Note to self: come hell or high water, resist falling prey to the unadulterated self-obsession that’s a natural by-product of weirdly niche social media attention. For the sake of all things holy, this must remain one of my primary goals. For example, I can’t tell you how many times interviewers have asked me to regale them with the “most exciting/inspiring feedback I’ve ever received” on social media. They always seem so excited to ask this question, no doubt expecting me to rattle off at the mouth about how “inspirational” I am. But like…..what the actual fuck. Who would say some shit like that? Typically, I end up unintentionally throwing shade on the person who asked the question bc….well frankly, what kind of an asshole gloats about kind words from strangers? To be honest, deepening my yoga practice at this stage in my professional career is fucking wild. I mean, ultimately, isn’t yoga all about renouncing the ego and stepping away from narcissism? But certain aspects of the commercial yoga world basically require ego and narcissism. I mean, that’s an effing catch-22 if I’ve ever heard of one. But I couldn’t have asked for a better way to mentally explore the complexities of capitalism. Especially when it’s focused on the intersection of capitalism and yoga. And ESPECIALLY when my fat ass is sitting smack dab on top of that intersection.
Cleveland, OH! Dallas, TX! Houston, TX! Athens, GA- I’ll be in all of these cities within the next week! I’m pretty sure the all-levels yoga classes are sold out in Dallas and Athens, but there may still be space in the Dallas, TX “teachers only” class on Saturday- and even if you’re not a teacher, it’ll still be a sweaty ass good time 💪🏾💪🏾💪🏾. Info about all upcoming events can be found on JessamynStanley.com/tour!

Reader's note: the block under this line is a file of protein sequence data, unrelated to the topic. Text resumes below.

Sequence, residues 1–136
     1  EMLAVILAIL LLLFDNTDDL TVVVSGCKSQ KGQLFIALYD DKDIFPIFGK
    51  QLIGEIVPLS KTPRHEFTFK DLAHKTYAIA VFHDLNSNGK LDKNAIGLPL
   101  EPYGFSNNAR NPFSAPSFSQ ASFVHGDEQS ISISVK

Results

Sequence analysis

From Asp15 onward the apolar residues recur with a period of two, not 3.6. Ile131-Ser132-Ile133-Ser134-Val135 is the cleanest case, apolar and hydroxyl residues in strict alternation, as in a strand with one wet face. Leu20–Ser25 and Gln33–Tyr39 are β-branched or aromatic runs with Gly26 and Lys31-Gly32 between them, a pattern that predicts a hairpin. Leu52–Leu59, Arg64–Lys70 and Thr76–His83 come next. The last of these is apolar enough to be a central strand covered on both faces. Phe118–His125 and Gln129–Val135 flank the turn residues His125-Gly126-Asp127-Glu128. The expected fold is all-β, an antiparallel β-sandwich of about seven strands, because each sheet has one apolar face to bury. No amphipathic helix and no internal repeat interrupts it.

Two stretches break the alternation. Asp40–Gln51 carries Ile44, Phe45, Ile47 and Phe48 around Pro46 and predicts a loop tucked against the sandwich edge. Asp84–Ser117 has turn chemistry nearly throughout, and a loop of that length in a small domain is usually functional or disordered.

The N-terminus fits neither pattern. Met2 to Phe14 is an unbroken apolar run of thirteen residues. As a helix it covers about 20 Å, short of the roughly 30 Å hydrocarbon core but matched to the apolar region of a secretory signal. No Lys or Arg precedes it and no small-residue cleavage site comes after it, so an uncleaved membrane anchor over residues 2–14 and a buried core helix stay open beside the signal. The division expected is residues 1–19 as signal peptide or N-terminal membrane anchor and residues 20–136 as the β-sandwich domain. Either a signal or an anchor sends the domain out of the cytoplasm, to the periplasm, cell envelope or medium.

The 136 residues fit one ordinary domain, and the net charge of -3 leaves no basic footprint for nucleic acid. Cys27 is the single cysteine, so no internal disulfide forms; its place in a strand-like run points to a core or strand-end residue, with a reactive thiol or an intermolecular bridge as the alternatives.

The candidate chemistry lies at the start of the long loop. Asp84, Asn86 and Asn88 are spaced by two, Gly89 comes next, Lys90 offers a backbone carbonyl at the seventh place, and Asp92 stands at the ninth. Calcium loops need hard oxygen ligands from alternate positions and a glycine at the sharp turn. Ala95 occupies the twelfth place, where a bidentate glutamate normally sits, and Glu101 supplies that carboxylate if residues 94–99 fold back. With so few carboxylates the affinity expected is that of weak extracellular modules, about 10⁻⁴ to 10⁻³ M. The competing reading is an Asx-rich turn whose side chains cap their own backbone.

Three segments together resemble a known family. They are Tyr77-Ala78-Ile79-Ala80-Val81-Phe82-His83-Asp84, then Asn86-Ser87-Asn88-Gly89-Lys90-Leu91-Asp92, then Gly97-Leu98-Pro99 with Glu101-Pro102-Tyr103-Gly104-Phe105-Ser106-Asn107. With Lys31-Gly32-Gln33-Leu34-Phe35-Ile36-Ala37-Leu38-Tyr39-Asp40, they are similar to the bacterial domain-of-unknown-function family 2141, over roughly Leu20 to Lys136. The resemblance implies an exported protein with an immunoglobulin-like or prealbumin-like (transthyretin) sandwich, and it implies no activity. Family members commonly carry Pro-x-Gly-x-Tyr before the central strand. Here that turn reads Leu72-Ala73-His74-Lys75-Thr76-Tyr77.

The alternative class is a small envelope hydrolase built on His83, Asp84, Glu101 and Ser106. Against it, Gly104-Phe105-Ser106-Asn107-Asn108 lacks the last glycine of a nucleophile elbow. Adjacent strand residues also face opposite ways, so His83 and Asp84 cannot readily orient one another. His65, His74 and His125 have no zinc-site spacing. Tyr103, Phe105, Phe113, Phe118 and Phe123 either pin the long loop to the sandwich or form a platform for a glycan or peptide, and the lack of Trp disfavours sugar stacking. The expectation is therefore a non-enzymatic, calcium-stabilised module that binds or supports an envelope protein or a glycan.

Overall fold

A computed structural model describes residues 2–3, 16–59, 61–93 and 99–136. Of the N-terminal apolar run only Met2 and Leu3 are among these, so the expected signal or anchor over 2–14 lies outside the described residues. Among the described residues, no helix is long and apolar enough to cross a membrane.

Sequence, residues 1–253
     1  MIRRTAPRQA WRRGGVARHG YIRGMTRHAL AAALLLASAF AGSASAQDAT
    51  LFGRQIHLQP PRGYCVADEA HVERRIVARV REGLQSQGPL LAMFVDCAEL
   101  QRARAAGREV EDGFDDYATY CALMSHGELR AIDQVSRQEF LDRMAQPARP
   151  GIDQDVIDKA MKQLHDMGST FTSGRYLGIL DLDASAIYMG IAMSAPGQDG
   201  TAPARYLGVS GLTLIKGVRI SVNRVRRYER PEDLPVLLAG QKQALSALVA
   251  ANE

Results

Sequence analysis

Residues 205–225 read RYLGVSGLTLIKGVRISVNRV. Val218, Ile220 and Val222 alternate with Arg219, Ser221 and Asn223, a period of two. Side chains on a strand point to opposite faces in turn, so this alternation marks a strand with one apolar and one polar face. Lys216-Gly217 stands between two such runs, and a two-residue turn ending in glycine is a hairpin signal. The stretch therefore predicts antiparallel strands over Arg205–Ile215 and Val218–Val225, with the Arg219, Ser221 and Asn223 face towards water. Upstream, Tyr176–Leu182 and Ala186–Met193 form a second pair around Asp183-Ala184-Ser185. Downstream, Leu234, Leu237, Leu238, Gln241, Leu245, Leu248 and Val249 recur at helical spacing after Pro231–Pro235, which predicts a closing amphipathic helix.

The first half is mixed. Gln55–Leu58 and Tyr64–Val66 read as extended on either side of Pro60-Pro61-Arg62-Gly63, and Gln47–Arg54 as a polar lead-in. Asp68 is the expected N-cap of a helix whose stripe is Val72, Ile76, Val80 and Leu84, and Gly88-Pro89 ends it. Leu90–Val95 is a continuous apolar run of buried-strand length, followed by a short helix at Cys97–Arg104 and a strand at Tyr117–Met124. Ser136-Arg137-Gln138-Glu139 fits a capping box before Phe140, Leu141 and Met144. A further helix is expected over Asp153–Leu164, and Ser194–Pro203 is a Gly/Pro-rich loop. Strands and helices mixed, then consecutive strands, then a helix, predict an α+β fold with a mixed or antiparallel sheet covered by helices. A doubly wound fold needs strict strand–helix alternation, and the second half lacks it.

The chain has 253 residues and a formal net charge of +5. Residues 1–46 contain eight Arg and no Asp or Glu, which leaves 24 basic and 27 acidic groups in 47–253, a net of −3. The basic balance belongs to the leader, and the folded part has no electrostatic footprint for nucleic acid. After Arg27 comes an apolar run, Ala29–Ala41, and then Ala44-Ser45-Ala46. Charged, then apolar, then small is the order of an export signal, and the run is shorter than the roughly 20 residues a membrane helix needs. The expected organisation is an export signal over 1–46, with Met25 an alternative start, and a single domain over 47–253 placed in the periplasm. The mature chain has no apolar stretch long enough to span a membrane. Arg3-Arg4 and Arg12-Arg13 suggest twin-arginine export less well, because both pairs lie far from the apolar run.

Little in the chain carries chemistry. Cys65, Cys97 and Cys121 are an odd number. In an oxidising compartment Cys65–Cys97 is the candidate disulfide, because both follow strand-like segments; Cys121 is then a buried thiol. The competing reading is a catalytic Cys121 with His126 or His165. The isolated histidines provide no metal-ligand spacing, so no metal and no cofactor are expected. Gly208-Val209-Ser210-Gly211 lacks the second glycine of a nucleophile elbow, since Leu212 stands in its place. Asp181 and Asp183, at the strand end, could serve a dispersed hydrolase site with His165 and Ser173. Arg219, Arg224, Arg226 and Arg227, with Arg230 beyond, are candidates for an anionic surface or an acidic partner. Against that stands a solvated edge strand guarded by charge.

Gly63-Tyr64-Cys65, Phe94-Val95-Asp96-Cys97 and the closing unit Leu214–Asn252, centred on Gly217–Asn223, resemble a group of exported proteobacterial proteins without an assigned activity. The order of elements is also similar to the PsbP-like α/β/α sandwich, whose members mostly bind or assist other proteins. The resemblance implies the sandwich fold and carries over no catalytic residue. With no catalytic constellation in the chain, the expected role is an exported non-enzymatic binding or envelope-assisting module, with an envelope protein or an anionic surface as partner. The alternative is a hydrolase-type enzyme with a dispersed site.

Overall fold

Unrelated, shout out to @fastcompany bc they named yours truly as one of their 100 most creative people in business. And yes, bitch- I KNOW I was just talking about the perils of narcissism but life is full of contradictions and you better believe ya girl was feeling herself when this news was announced. I can’t help it, god ain’t done with me yet. 💯 (at Cleveland, Ohio)
Thanks to all of you being really enthusiastic about #everybodyyoga, I’ve received a lot of exceedingly generous press lately. But real talk, if I individually shouted out every media outlet that has shown me love, I would probably blow chunks all over my computer from verbal masturbation fatigue. That being said, I’m REALLY FUCKING HONORED to be included in @fastcompany’s 100 Most Creative People in Business issue- thanks for validating a career path that totally goes against the advice of every authority figure in my life. In fact, I reallllllly want to insert a few petty as fuck emojis toward some of my undergrad and grad professors but yoga is making me shut my ass up soooo ANYWAY the link to the profile is on my Facebook page- check it out if you into that kinda thing 💋
Totally unrelated, I’m teaching a retreat at @1440multiversity in August AND I’ll be at Hawaii Yoga Festival in October- see you there? Check out jessamyn stanley.com for more info!
Photo by the amazing @yogicphotos (at Seattle, Washington)
“Bacteria are living things. They are not trying to hurt you. They are not trying to help you. They are just trying to stay alive, like the rest of us.”
So begins the American Museum of Natural History’s newest exhibit, The Secret World Inside You, which explores the incredible, invisible, and bountiful life forms that call the human body their home. Today, scientists call this collection of microorganisms the “human microbiome.”
Numbering anywhere from 30 trillion to 100s of trillions, there are more microorganisms in your body than there are stars in the Milky Way. Today, they’re often compared to an extra “organ,” since together they weigh three pounds—about the same as your brain—and seem to perform countless functions in our body, from helping our digestion to affecting our mood, of which researchers are only just now starting to grasp the scope.